Addressing the Trace THC Issue

Unfortunately, the Drug Enforcement Agency (DEA) and Office of National Drug Control Policy (ONDCP) have attacked hemp food and cosmetics, mainly on the thin pretext that such products interfere with their campaign to eliminate the use of hemp's psychoactive cousin, marijuana. This is akin to attacking fruit juices and breads for promoting alcohol use on account of their trace alcohol content, which results from natural fermentation.

The issue: even industrial hemp varieties, bred for low THC content, produce small non-psychoactive quantities of THC - short for delta-9-tetrahydrocannabinol, the main psychoactive ingredient in marijuana. If seeds are not properly cleaned after harvesting, excess trace residual THC sticks to their hulls and infuses oil and other products. Until 1998, when thoroughly cleaned seeds from Canada and the European Union became widely available, hemp oil containing more than 50 parts per million (ppm) of THC was often found in the market. While too low in THC to cause psychoactivity, studies have shown that such oil may produce a positive drug test for marijuana. Of course, that has also caused a few cases of alleged false-positives in workplace drug testing.

To determine whether current hemp foods can still cause positive drug tests, a Canadian governmental research program (ARDI) and members of the hemp industry commissioned a toxicological study. 15 individuals consumed hemp oil with a known THC concentration. Four different daily doses were given, each for a ten-day period, to allow the THC concentration to reach steady-state concentration in the body. At the end of each period, two urine samples were collected and analyzed. The study found that none of the 15 individuals who consumed up to 600 µg (micrograms, or one-millionth of a gram) of THC per day were even close to producing a urine sample that was "confirmed positive".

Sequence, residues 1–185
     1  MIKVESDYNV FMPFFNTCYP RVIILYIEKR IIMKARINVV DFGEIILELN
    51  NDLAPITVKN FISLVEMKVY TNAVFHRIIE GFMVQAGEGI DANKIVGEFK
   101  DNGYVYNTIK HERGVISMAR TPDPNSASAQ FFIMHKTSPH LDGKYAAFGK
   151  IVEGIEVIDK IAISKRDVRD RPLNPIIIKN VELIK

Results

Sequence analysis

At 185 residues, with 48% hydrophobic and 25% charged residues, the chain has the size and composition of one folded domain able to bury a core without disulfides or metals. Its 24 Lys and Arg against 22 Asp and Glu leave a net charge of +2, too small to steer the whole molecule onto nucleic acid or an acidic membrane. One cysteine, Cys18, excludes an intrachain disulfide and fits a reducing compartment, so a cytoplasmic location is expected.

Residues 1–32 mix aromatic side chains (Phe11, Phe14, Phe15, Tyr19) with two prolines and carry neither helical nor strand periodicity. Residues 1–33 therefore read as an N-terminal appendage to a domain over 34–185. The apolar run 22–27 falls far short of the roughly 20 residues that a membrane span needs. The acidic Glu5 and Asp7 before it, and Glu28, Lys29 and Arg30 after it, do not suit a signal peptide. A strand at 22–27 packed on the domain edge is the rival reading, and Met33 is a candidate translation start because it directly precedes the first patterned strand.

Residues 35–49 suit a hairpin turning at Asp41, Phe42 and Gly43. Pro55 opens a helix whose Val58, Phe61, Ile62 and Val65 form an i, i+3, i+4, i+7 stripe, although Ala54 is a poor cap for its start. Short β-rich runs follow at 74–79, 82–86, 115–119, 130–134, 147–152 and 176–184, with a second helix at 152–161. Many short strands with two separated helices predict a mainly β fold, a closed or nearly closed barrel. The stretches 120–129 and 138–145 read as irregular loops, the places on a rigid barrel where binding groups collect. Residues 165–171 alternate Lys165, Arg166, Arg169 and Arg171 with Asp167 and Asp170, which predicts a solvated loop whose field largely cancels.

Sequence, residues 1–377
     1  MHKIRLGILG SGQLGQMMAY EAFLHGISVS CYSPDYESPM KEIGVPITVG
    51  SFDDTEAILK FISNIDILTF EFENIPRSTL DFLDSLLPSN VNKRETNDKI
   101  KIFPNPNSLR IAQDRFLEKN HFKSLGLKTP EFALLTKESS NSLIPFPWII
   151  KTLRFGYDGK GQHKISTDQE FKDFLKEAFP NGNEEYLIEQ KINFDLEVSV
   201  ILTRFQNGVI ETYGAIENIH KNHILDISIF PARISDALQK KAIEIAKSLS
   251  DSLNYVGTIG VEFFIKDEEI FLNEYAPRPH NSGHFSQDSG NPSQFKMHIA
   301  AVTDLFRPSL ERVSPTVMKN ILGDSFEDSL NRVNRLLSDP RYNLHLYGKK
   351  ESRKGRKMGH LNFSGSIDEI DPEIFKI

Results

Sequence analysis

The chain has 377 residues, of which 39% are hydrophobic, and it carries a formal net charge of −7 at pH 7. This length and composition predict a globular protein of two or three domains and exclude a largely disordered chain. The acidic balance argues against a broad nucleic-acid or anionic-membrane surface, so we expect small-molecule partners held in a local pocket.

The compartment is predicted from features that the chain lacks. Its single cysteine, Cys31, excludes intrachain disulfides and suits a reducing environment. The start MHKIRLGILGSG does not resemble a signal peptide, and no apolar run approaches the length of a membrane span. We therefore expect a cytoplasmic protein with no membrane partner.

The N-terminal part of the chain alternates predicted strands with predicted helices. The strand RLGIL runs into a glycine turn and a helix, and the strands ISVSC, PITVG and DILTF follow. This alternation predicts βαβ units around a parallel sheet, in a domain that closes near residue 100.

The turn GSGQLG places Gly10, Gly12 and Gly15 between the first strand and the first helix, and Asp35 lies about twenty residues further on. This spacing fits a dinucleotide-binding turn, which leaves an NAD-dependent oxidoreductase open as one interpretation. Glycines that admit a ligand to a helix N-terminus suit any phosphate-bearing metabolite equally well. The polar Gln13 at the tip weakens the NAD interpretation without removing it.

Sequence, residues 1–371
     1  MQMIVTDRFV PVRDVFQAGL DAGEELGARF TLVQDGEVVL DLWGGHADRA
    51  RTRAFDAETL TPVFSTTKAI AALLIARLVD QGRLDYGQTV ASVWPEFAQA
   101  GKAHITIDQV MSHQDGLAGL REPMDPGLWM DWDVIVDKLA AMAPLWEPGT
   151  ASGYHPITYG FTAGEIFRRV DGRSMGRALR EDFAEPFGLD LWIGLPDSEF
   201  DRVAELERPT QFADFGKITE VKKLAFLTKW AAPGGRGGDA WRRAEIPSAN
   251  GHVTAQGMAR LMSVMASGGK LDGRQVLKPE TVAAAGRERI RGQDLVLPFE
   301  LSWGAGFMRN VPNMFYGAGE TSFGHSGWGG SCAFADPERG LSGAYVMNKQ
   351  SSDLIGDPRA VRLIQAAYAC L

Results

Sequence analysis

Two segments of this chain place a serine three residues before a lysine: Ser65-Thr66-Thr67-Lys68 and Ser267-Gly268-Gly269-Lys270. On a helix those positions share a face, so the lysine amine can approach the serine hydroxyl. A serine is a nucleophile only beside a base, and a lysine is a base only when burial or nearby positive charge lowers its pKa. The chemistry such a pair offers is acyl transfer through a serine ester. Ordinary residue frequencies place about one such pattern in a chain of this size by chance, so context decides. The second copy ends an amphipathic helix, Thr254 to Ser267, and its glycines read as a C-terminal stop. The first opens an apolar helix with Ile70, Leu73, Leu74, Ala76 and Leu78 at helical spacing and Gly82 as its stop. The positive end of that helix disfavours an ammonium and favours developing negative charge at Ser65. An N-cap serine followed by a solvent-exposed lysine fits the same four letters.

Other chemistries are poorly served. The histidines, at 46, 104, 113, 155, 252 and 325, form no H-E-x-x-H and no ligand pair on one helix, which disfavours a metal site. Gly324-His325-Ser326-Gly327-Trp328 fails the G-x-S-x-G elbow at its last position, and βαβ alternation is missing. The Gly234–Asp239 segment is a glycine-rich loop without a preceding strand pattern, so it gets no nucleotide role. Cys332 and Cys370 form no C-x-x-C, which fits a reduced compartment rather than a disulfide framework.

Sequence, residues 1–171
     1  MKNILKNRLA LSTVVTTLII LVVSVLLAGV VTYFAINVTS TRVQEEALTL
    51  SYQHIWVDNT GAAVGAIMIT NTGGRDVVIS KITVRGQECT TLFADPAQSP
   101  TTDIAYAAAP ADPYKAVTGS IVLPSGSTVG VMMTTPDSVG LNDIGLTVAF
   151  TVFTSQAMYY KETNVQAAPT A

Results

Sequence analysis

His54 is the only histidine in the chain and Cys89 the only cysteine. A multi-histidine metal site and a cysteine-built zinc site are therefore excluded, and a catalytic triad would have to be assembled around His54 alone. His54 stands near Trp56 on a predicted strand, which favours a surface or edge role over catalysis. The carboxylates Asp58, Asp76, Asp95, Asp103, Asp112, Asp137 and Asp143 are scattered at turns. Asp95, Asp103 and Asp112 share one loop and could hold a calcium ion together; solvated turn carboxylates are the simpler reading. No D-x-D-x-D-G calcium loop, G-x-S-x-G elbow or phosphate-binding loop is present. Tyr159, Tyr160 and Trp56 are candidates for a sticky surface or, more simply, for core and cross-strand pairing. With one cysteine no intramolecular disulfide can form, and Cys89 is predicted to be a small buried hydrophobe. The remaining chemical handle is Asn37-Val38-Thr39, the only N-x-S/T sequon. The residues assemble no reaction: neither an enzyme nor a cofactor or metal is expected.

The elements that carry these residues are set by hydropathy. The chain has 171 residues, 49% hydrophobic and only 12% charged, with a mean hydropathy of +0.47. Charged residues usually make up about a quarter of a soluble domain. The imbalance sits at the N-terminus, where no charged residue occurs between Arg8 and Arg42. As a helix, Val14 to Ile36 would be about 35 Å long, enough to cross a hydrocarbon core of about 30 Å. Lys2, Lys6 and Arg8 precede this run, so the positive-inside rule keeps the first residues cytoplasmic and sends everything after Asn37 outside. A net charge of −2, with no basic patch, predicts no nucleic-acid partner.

With current seed-cleaning technology and the correspondingly low trace THC levels in hemp oil and hemp nut, producing a confirmed positive test result would require that unrealistically high amounts of hemp oil or hemp nut be eaten. The practice of "confirming" all urine samples, which test positive in an initial screening test is followed by all federal and most private employers. Because some employers and law enforcement agencies rely on screening tests only, screening positive results caused by copious hemp food ingestion are conceivable, yet not likely. To view a summary of the study, click here. (PDF file 21k)

As for body care products, there is no issue whatsoever. A second study evaluated the concern that extended topical application of hemp cosmetic products would interfere with workplace drug-testing programs in the United States. The study shows that no significant transdermal uptake of THC would occur even in a worst-case scenario of highly compromised skin, full-body application of hemp oil and 10 ppm THC in the hemp oil (the maximum limit allowed by Canadian law). To view the assessment, click here. (PDF file 277k)

These and similar findings have not kept the federal government from using past drug-test interference problems as its pretext to harass the hemp industry. This irrational policy is especially puzzling as the DEA has quite sensibly not attacked poppy seed bagels and pastries for promoting opium use, despite the fact that poppy seeds come from the same species as the opium poppy and contain trace opiates which interfere with current narcotics drug-testing.



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